Dave R. Stone
author of "The Russian Army in the Great War: The Eastern Front, 1914-1917"
author of "After Perfect: A Daughter’s Memoir"
Executive Producer & Host
Dave R. Stone, author of "The Russian Army in the Great War: The Eastern Front, 1914-1917"
David Stone began his research on Russian and Soviet military history at the beginning of the 1990s, just when previously inaccessible archives and historical documents first became available to scholars. Since that time, he has written extensively on the role of war in Russian history while teaching history at Kansas State University. His work has been recognized with awards and prizes from the Historical Society, the History News Network, the American Association for the Advancement of Slavic Studies, and the Society for Military History.
A full century later, our picture of World War I remains one of wholesale, pointless slaughter in the trenches of the Western front. Expanding our focus to the Eastern front, as David R. Stone does in this masterly work, fundamentally alters—and clarifies—that picture. A thorough, and thoroughly readable, history of the Russian front during the First World War, this book corrects widespread misperceptions of the Russian Army and the war in the east even as it deepens and extends our understanding of the broader conflict.
Of the four empires at war by the end of 1914—the Austro-Hungarian, Ottoman, German, and Russian—none survived. But specific political, social, and economic weaknesses shaped the way Russia collapsed and returned as a radically new Soviet regime. It is this context that Stone’s work provides, that gives readers a more judicious view of Russia’s war on the home front as well as on the front lines. One key and fateful difference in the Russian experience emerges here: its failure to systematically and comprehensively reorganize its society for war, while the three westernmost powers embarked on programs of total mobilization.
Context is also vital to understanding the particular rhythm of the war in the east. Drawing on recent and newly available scholarship in Russian and in English, Stone offers a nuanced account of Russia’s military operations, concentrating on the uninterrupted sequence of campaigns in the first 18 months of war. The eastern empires’ race to collapse underlines the critical importance of contingency in the complete story of World War I. Precisely when and how Russia lost the war was influenced by the structural strengths and weaknesses of its social and economic system, but also by the outcome of events on the battlefield. By bringing these events into focus, and putting them into context, this book corrects and enriches our picture of World War I, and of the true strengths and weaknesses, triumphs and successes of the Russian Army in the Great War.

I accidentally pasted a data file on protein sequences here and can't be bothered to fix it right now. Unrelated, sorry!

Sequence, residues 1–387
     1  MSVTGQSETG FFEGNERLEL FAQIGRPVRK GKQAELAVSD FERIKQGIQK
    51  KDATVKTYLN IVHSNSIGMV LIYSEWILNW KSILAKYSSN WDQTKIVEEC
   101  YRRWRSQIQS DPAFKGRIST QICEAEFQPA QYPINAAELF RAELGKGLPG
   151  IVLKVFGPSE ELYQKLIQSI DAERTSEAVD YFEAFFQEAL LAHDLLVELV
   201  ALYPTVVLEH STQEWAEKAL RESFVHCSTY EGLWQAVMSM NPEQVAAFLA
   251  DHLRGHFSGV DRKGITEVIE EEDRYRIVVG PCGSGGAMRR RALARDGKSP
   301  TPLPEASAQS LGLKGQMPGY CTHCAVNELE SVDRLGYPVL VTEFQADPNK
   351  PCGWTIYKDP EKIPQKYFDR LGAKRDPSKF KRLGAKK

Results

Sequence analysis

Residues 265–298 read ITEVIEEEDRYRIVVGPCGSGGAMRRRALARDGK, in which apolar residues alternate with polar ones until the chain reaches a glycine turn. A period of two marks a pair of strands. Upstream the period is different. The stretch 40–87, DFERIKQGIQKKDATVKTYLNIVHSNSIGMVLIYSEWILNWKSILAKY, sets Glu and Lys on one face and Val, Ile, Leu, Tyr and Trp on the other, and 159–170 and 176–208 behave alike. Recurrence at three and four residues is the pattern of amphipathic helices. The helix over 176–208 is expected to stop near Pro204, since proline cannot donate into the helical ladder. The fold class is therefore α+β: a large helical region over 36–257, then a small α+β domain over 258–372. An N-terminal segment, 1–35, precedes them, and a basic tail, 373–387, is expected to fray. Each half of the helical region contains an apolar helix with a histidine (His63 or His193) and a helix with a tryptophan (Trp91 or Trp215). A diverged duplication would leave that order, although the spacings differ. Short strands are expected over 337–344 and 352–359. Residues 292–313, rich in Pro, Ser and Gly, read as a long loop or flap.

Christina McDowell, author of "After Perfect: A Daughter’s Memoir"
Originally from McLean, Virginia, Christina McDowell currently resides in Los Angeles with her dog, Zelda Fitzgerald. She volunteers for InsideOUT Writers, a nonprofit for children impacted by the criminal justice system.
A “searing memoir of loss and redemption” (People) that “exposes the side of The Wolf of Wall Street we didn’t get to see” (Metro), After Perfect is a cautionary tale about one family’s destruction in the wake of the Wall Street implosion.
Selected as one of the year’s “Fifteen Books You Need to Read” by the Village Voice, Christina McDowell’s unflinching memoir is “a tale of the American Dream upended.” Growing up in an affluent Washington, DC, suburb, Christina and her sisters were surrounded by the elite: summering on Nantucket Island, speeding down Capitol Hill’s rich back roads, flying in their father’s private plane. Their life of luxury was brutally stripped away after the FBI arrested Tom Prousalis on fraud charges. When he took a plea deal as he faced the notorious Wolf of Wall Street Jordan Belfort’s testifying against him, the cars, homes, jewelry, clothes, and friends that defined the family disappeared before their eyes, including the one thing they could never get back: each other.
Christina writes with candid clarity about the dark years that followed and the devastation her father’s crimes wrought upon her family: the debt accumulated under her identity; her mother’s breakdown; her own spiral into addiction and promiscuity; and the delusion that enveloped them all. She shines a remarkable, uncomfortable light on a family’s disintegration and takes a searing look at a controversial financial time and also at herself, a child whose “normal” belonged only to the one percent. A rare, insider’s perspective on the collateral damage of a fall from grace, After Perfect is a poignant reflection on the astounding pace at which a life can change and how blind we can be to the ugly truth.